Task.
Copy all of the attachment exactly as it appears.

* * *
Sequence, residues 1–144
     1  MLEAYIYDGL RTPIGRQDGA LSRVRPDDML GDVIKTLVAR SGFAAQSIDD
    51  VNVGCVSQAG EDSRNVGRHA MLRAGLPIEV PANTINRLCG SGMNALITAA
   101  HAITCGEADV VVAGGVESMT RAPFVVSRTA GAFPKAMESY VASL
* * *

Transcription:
Sequence, residues 1–144
     1  MLEAYIYDGL RTPIGRQDGA LSRVRPDDML GDVIKTLVAR SGFAAQSIDD
    51  VNVGCVSQAG EDSRNVGRHA MLRAGLPIEV PANTINRLCG SGMNALITAA
   101  HAITCGEADV VVAGGVESMT RAPFVVSRTA GAFPKAMESY VASL